My hope is that more women, especially the ones who suffer with PMDD will begin to embrace what it really means to be female, and find strength in what other perceive to be weakness. It is not a weakness if you need to take time out, if you need a break, to cry, to sleep, or to dream. It is not a weakness if you are string enough to be honest.  Honesty is by far the strongest action, and to admit you need help, love, a hug, is to put out the raging fire and unite with someone in a warm glow of friendship, companionship, compassion and love.

“We are all travellers in the wilderness of this world, and the best we can find in our travels is an honest friend.”
― Robert Louis Stevenson

“Hiding how you really feel and trying to make everyone happy doesn't make you nice, it just makes you a liar.”
― Jenny O'Connell

“You wear a mask for so long, you forget who you were beneath it.”
― Alan Moore, (V for Vendetta)

“Do not consider me now as an elegant female intending to plague you, but as a rational creature speaking the truth from her heart.”
― Jane Austen, Pride and Prejudice

“I'm selfish, impatient and a little insecure. I make mistakes, I am out of control and at times hard to handle. But if you can't handle me at my worst, then you sure as hell don't deserve me at my best.”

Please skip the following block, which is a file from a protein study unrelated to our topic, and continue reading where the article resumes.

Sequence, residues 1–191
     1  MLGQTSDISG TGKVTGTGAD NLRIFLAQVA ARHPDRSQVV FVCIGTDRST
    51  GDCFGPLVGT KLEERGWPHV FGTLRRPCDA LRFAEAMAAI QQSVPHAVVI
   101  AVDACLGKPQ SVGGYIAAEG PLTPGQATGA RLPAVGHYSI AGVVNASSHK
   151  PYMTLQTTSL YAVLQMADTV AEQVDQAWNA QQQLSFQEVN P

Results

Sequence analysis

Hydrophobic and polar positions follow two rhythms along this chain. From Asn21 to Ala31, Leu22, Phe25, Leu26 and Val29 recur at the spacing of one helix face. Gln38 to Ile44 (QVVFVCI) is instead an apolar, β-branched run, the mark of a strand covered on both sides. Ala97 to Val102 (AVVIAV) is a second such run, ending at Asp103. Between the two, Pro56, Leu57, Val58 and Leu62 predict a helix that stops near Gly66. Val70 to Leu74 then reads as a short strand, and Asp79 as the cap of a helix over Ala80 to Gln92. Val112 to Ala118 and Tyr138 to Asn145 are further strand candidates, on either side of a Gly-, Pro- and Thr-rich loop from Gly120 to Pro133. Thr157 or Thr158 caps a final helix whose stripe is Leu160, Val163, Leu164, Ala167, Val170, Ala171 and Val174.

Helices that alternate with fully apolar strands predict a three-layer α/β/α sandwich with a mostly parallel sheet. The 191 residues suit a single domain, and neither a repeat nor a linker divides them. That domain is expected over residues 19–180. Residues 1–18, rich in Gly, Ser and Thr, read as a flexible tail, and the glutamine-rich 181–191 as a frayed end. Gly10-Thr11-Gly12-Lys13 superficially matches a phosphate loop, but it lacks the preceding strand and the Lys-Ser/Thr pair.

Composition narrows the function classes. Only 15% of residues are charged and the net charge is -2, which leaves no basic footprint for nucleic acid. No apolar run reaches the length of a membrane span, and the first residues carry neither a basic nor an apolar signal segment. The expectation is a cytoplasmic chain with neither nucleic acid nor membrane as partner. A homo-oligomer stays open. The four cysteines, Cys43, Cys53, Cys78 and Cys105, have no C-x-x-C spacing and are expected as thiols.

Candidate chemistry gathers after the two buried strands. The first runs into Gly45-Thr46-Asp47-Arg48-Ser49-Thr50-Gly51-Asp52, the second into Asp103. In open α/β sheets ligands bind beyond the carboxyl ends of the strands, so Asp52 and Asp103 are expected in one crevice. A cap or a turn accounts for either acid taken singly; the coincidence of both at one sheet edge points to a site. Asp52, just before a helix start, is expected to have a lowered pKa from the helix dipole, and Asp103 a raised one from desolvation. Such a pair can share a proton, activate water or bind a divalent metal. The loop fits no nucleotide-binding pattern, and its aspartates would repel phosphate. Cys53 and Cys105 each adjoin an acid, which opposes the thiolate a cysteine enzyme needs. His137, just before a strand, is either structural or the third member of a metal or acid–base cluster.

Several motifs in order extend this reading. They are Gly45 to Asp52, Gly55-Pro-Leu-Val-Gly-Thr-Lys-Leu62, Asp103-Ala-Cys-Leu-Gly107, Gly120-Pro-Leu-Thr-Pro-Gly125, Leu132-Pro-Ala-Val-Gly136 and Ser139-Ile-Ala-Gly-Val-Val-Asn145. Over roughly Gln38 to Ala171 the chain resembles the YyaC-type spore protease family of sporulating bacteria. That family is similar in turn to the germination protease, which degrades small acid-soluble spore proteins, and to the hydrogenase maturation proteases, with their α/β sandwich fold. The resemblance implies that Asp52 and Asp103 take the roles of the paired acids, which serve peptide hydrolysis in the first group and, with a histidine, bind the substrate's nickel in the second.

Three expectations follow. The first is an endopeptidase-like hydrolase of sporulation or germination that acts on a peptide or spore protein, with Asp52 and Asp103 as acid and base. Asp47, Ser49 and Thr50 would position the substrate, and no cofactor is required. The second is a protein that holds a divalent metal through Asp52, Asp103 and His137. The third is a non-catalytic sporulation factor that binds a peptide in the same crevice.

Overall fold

― Marilyn Monroe

“I don't mind living in a man's world, as long as I can be a woman in it.”
― Marilyn Monroe (Marilyn)
All quotes from

©Cat Hawkins 2012


Jenn said...

I loved your post. I suffer from PMDD too is a hard fight to always appear strong. If we can admit to feeling weak we can more fully accept what it means to be human. We who have PMDD are more sensitive women. I am an artist too and I feel like I am the most creative and expressive during the second half of my cycle. I also was involved with goddess spirituality many years ago and feel the pull once again to embrace this cycle fully and not turn away from the wisdom it can teach us. But I am also a Zen practitioner too! Thank you for your blog!!!

Cat said...

Thank you Jenn..
I would love to see your work! You should follow that pull, observe and submerge yourself in to it. It has helped me SO much, just understanding the symbolism held within the cycle... You might like my Natural Shaman blog too.. there are links from this blog xx

Jenn said...

Hi Cat,
You can see my portfolio at

I blog too at about my work, but it's been awhile since I've blogged.